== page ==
Well, look, the idea here is to give you work to enjoy. I would hope that there will never be any pandering here -- that wouldn't serve anybody -- but at the same time, I don't want people to ever be disappointed by the tone. Yes, we have opinions. Yes, we will point out when something isn't right. Yes, we will write some stuff that makes you mad, because we won't always see eye-to-eye.
But, most of all, at JoeBlogs, we are celebrating life.
For the Frank Thomas entry in the Baseball 100, I wanted to focus on why I think Thomas breezed into the Hall of Fame when other sluggers of his era struggled so much ... and I do believe it came down to the controversial and, yes, brave way in which he stood up against steroid users in his time.
I honestly believe that if he had not done that, he would have been caught up in the steroid whispers just like everybody else and would probably have had to wait a couple of years before getting elected.
And, yes, I also believe that it's strange that someone who was so prominently anti-PEDs in his playing days would be out hawking an over-the-counter drug of questionable worth with potential side effects. I don't think you can say the first without at least mentioning the second.
But, based on your comments, that entry was disappointing to many readers, particularly those who love Frank. And I don't want that to be the takeaway, because Frank Thomas was an amazing player and, best I can tell, a nice guy.
So let me add a personal Frank Thomas story:
I'm pretty sure this was at the 1994 All-Star Game in Pittsburgh -- though I could be getting the year wrong. Another writer and I were riding on the bus to the hotel ... and Frank Thomas was sitting a couple of seats behind us. He was something to behold. That year, I wrote this paragraph about him in the old Cincinnati Post.
"The game hasn't seen anyone like him. He's a strange concoction of muscles and a baby face, he's a slugger who enjoys getting walked, he's a powerful man who plays the game with patience and without anger. He's the best hitter in baseball, and as good as you think he is, he's actually better."
[caption id="attachment_24286" align="aligncenter" width="516"] The guy was, as they say, larger than life.[/caption]
Up close, you couldn't help but be awed by the many different vibes he sent at you. He was huge and intimidating ... and at exactly the same time, he was friendly and strangely approachable. It's like he was multiple superheroes. At the plate, he looked half asleep, and he swung the bat with one hand, and he never even seemed to be tempted by bad pitches.
"Frank, you look relaxed today," Julio Franco said to him before one big game.
"Always am," Thomas replied.
Anyway, we were on that bus, and it pulled up to the hotel, and there had to be a thousand people waiting outside for autographs -- and there was no security around at all. It was like a red carpet event without the velvet ropes. We watched through the window as Ken Griffey Jr. and Will Clark and Joe Carter and others were swarmed. It was a pretty wild scene.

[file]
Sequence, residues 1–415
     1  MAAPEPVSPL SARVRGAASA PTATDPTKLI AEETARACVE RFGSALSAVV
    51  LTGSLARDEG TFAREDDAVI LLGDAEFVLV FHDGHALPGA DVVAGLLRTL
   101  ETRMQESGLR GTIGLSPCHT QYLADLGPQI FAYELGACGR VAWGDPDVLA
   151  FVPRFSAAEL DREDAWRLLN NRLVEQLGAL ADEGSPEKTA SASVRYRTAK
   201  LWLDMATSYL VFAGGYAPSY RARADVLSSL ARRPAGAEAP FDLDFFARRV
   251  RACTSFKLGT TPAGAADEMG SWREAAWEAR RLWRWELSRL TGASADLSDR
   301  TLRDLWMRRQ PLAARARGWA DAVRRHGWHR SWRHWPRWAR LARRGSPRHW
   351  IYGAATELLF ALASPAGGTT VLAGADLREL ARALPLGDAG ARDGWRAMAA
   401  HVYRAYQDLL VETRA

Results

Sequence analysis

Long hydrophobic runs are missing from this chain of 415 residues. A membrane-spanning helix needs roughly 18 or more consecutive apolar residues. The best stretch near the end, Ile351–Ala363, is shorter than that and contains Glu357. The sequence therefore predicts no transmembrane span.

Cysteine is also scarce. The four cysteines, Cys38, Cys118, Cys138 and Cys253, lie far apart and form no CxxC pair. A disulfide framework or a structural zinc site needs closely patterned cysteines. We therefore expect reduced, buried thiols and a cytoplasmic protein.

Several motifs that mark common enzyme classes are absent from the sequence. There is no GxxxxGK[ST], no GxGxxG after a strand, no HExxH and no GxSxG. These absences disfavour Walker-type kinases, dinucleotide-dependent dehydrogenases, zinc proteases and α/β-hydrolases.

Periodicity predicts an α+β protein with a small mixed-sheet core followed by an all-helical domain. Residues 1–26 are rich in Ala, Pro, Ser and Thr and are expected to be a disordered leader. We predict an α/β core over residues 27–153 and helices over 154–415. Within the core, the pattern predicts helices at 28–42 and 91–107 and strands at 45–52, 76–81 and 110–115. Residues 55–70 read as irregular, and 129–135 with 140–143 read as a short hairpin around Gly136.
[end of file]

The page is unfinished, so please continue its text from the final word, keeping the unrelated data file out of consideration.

I said as much, and my writer friend said something about how he didn't think it was a big deal. This was a once-a-year event, and the players shouldn't complain about being mobbed by the fans once a year. And from two seats behind us, we heard a quiet voice say: "You don't get it at all."
That was Frank Thomas. He was in the middle of his season for the ages. You can look up what he did in 113 games in that strike-shortened 1994 season, but it's more fun to see how it might have looked stretched out over 162 games (he played every game that year):
.353/.487/.729, 152 runs, 52 doubles, 54 homers, 144 RBIs, 156 walks, 416 total bases.
That's like Babe Ruth.
And then, Thomas said something that I've never forgotten. He was not complaining, not at all, but he wanted us to understand that the line we were seeing out the window, that was his entire life. "People recognize me everywhere," he said. "It doesn't matter what I'm wearing. It doesn't matter what I'm doing. They know who I am."
It was touching because it was a raw moment, the sort of thing that he would never have felt comfortable saying to us as reporters because people would naturally misunderstand, misinterpret, they would think he was lashing out at this dream life he had. The guy was making millions. He was adored, he heard the cheers of the crowd every night.
And he acknowledged all of that.
But -- and he buried this deep -- there was a price. His life wasn't always his own.
"Well," he said, as he walked off the bus, "here goes."
And he walked out into the huge crowd. And the strangest thing happened. A path opened up for him. People did not rush him the way they had rushed the others. They called out to him, but they also parted, and Thomas smiled and waved to them and he walked right through.
When I saw it I wrote this: "If you were a stranger from a foreign land, you would not think the big man walking toward the hotel door in Pittsburgh was a baseball player. You would think he was a king."